Organizations can start responding to the current climate by upgrading short-term working capital and liquidity management with more transparency across the enterprise. Future transformation introduces scenario planning and optionality into a more agile capital allocation process that can adapt in real time for changes in the business and operating environment.
Predictive forecasting for risk sensing and enhanced decision-making
The act of forecasting needs to be more agile and constantly updated, even while incorporating multiple potential scenarios. Businesses can hotwire traditional planning and forecasting processes by utilizing scenario planning along with predictive analytics and data technologies. These new technologies use automation and robotics tools with a capacity to produce more accurate and voluminous data in real time and that surpass the speed and volume limits of manual processes and historical forecast models. This velocity of data means better information, and better information informs better forecasting. Data- and scenario-driven statistical models, alongside agile planning and short-term capital allocation, constitute the new financial disciplines. Concentrating on these disciplines collectively fosters a more resilient business that can optimize performance now while setting up future success in an ever-changing environment.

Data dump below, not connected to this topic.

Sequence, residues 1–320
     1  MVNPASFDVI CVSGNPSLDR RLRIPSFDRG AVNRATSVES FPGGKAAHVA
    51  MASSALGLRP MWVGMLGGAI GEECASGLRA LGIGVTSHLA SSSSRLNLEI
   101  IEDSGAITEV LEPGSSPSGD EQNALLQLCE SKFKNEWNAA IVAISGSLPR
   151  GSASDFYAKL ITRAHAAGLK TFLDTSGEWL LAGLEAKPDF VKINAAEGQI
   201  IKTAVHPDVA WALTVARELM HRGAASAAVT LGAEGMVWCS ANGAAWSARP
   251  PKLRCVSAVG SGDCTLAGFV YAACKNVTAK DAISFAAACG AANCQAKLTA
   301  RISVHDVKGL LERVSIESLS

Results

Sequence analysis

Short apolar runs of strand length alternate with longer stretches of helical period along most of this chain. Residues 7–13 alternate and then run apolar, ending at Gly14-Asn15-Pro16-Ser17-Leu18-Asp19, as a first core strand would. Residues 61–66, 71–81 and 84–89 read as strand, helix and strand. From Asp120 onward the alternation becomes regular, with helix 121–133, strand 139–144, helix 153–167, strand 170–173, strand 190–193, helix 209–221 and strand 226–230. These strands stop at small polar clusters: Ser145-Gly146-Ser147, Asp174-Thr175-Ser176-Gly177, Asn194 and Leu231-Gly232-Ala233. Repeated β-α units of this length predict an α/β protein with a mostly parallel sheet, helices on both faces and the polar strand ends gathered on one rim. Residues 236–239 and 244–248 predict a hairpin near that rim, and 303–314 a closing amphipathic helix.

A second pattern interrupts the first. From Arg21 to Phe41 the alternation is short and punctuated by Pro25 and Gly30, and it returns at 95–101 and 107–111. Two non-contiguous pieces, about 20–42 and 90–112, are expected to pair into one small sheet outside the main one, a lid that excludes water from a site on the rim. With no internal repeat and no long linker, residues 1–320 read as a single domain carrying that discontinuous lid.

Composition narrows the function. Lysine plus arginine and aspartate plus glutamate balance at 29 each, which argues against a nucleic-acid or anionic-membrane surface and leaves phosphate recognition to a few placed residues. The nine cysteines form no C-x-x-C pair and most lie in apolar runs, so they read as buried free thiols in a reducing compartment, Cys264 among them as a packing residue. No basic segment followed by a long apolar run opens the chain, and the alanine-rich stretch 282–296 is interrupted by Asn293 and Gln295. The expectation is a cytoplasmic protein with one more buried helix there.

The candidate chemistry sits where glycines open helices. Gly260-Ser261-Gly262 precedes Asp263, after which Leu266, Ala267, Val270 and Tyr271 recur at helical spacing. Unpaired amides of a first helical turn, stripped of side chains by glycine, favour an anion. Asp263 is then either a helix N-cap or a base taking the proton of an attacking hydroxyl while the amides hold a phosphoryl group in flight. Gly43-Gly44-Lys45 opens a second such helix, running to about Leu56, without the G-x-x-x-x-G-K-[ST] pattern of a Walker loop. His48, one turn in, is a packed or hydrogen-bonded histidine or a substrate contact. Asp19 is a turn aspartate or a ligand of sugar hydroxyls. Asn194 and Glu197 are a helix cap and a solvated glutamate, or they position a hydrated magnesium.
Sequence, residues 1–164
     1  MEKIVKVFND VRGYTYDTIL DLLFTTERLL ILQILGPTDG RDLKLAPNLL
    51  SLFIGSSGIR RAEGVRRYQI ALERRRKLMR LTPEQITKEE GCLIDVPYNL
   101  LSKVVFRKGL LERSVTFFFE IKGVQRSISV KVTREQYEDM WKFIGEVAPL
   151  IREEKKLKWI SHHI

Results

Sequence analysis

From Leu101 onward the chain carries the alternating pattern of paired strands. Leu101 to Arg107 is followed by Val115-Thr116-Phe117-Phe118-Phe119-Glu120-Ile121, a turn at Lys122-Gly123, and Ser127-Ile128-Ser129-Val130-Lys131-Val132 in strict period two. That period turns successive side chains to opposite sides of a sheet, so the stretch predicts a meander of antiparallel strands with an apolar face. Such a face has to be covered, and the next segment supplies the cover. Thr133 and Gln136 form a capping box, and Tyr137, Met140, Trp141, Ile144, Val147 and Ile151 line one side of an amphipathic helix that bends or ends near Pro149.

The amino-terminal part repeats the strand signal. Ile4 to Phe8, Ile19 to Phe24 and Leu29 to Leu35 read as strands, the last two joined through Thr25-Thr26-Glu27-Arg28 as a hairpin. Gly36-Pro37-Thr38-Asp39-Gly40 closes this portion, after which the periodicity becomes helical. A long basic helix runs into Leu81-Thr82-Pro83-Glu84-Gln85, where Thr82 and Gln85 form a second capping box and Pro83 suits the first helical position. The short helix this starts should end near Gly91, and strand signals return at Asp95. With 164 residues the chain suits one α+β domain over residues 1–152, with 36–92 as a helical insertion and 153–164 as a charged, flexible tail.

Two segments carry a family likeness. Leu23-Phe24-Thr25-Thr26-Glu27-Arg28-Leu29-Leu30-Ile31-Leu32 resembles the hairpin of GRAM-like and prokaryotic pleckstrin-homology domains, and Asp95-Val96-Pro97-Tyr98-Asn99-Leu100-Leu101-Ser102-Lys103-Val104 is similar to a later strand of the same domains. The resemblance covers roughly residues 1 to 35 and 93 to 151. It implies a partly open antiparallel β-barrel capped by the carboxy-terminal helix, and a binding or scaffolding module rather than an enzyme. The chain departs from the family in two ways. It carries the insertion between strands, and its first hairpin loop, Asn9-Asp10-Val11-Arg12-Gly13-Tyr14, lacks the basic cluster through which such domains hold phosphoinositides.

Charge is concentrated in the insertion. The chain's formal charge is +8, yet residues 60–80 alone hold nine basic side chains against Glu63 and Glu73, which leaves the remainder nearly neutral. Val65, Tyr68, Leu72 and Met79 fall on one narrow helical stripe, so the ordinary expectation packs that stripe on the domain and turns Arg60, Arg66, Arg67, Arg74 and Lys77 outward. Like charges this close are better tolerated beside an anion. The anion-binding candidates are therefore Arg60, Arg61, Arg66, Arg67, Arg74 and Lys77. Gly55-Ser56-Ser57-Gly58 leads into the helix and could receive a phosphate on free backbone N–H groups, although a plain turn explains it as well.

Key takeaways to know right now about finance discipline
Here are some key insights to know right now about the need for these new integrated finance disciplines. Coming soon, we will be taking a deeper dive into each area of focus: scenario planning, capital allocation, and predictive forecasting. This will include more insights into developing effective scenarios, the theory and mechanics of capital allocation, and how to build predictive forecasting capabilities. It is essential to build and enhance these integrated finance disciplines to support effective decision-making and optimize performance in these increasingly uncertain times.
Five takeaways on finance discipline
- Historical financial reporting and inflexible budgeting and forecasting processes can no longer support effective decision-making in the current uncertain environment, where the speed of change is ever-increasing.
- Finance disciplines need to be more future-oriented and leverage robust scenario planning as a foundation to incorporate multiple possible views of the future and support better decision-making today.
- Initial focus should be on building transparent and responsive working capital management processes that can more efficiently provide liquidity across the business to manage downside risk or fund growth opportunities.
- Capital allocation capabilities need to be upgraded to introduce scenarios and optionality and incorporate real-time information loops to test underlying hypotheses, enabling more rapid reallocation of capital as marketplace conditions change.
- Predictive forecasting models that incorporate real-time data, automation, and predictive analytics can hotwire traditional planning with a more agile process of accessing potential scenarios, analyzing risks, and enhancing insights for more informed decision-making.